So, skipping the salting bit, because I’d already done it, it’s time to add the marinade to the chicken. It’s now day two, and once we add this marinade, the chicken has to sit for two to three days.

Week Four: Drunken Chicken marinade

The marinade is 300ml of rice wine and 300ml of chicken stock. You can add 2tbsp of brandy if you want. I didn’t.

Now, there’s nothing to this but to leave everything in the fridge, and turn it every so often, dreaming of the delicious chicken you will no doubt be eating – after all, the more complicated and time consuming the dish, the better the results, right?

Nope. After three days sitting in the fridge, this chicken pretty much tastes like you would expect it to taste. Pretty alcoholic. Maybe you need fancier rice wine, maybe you need to be a bit of an alcoholic yourself, but I wasn’t impressed.

Week Four: Drunken Chicken meal

I salvaged this somewhat by serving it with that amazing ginger and spring onion dipping sauce I told you about here, but in all honesty, it was fairly overpowering.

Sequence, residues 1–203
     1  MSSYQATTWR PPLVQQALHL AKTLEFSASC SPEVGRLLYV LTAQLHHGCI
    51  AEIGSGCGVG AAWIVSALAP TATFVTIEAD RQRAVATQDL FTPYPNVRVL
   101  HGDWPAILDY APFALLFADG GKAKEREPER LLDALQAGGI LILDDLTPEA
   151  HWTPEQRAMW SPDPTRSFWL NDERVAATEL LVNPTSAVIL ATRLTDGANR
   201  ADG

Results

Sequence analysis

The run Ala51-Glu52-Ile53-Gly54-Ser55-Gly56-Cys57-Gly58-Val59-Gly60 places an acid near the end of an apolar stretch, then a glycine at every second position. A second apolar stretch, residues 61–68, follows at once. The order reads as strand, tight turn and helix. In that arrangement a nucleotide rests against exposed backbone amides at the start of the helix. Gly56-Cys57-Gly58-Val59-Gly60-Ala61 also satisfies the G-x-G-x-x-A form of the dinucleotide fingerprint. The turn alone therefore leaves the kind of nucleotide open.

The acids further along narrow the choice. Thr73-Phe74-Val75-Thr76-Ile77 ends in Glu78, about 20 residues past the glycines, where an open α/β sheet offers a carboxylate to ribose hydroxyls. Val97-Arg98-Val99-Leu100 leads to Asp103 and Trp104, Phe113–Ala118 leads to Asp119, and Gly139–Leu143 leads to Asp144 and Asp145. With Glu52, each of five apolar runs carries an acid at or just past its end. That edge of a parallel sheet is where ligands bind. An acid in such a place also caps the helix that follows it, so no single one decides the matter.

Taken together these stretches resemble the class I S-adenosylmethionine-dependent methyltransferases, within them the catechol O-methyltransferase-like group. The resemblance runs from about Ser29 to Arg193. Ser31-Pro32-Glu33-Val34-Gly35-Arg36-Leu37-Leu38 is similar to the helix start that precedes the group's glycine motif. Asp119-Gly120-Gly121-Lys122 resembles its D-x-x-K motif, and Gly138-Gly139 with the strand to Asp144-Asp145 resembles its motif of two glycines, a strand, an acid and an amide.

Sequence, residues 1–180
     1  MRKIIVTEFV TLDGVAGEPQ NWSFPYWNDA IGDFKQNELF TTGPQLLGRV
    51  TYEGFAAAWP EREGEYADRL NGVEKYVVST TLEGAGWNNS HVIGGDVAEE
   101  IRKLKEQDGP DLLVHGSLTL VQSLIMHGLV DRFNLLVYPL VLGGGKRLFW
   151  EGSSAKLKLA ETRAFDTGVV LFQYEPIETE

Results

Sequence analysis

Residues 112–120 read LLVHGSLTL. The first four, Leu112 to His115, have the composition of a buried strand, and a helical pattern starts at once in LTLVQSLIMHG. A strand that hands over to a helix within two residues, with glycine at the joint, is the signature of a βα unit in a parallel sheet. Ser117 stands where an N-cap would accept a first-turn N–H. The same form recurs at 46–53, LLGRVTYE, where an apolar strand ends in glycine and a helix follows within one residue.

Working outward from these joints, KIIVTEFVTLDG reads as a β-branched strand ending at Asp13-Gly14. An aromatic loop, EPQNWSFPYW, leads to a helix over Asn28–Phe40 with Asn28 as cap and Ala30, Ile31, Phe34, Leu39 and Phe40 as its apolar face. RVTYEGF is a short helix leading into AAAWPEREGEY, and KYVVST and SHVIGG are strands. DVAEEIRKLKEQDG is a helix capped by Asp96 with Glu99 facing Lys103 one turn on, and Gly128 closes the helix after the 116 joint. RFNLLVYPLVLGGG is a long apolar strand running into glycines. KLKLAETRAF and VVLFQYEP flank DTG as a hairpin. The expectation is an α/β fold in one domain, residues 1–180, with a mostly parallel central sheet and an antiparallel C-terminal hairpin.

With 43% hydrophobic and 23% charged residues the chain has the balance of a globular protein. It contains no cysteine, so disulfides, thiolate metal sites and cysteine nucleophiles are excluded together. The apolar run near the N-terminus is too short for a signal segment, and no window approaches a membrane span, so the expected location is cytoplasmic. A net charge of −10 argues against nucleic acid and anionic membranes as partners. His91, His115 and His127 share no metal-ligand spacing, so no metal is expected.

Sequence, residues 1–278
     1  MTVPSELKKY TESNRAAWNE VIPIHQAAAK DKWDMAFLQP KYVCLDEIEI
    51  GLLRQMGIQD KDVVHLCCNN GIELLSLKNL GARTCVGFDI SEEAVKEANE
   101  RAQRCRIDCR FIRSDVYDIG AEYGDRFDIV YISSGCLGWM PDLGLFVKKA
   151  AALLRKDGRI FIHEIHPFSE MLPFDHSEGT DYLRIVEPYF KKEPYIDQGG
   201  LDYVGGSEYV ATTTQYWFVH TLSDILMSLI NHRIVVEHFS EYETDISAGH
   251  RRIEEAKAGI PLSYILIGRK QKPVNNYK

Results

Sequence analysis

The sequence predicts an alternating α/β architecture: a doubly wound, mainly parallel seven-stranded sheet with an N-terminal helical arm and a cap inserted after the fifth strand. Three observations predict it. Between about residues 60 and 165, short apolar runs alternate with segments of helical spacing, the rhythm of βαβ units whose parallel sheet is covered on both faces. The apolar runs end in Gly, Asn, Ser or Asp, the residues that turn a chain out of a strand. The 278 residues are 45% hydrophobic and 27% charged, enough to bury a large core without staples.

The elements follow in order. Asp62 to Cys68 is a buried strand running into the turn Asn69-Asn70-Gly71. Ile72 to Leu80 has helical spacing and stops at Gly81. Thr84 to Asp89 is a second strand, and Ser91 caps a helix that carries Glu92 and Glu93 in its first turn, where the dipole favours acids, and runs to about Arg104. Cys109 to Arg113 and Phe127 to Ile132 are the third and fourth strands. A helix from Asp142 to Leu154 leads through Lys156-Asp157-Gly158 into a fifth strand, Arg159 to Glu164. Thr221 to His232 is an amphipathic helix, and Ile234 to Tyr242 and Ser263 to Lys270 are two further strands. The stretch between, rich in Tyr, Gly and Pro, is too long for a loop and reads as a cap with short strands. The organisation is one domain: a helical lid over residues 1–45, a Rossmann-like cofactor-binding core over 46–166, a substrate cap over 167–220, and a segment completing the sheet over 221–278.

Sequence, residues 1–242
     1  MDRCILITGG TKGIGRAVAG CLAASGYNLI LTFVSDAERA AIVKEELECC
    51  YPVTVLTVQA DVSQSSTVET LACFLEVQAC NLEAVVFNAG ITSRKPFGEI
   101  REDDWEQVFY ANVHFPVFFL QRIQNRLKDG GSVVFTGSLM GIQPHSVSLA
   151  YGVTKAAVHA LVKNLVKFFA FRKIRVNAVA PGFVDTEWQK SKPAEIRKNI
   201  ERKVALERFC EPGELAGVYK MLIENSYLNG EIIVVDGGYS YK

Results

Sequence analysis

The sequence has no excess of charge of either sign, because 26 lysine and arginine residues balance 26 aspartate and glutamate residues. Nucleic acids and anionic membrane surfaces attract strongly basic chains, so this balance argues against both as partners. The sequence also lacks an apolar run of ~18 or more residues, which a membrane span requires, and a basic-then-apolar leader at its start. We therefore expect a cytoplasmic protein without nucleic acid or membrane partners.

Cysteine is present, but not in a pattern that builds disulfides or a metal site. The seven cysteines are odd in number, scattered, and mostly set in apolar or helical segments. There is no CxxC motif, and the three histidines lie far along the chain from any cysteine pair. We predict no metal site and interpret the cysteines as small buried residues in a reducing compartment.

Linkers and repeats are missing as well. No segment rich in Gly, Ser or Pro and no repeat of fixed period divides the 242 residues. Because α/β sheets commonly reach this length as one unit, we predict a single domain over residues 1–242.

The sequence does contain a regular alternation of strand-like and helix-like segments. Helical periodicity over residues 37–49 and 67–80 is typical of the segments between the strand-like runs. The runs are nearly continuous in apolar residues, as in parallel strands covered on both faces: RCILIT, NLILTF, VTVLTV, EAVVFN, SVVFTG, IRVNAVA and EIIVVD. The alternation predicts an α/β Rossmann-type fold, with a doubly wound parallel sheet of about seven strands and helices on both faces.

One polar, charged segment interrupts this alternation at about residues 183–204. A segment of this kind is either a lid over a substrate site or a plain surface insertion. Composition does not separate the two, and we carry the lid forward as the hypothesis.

So, the scores.

M gave it 2.5. After being coaxed with the dipping sauce, he gave it 4. Anything below a 5 we had already agreed is in ‘don’t bother making it again’ territory. So, this is the last time in my life I will ever make this dish. I’m not sad.

I gave it 4. It wasn’t really really bad, but it in no way paid off the planning involved in a dish that takes at least four days to prepare.

However, it did give us some lovely chicken stock and PLENTY of leftover chicken…

Week three’s chicken was a relatively simple affair. I decided to invite dear old mum and dad over for lunch, so we could swing by St Francis, a local animal rescue centre, where they were putting on a fund raising event. We’d (well, they) just adopted a lovely new dog by the name of Ben, so we decided to take him back to see all his old chums. He had an absolute blast, being treated like a right celebrity.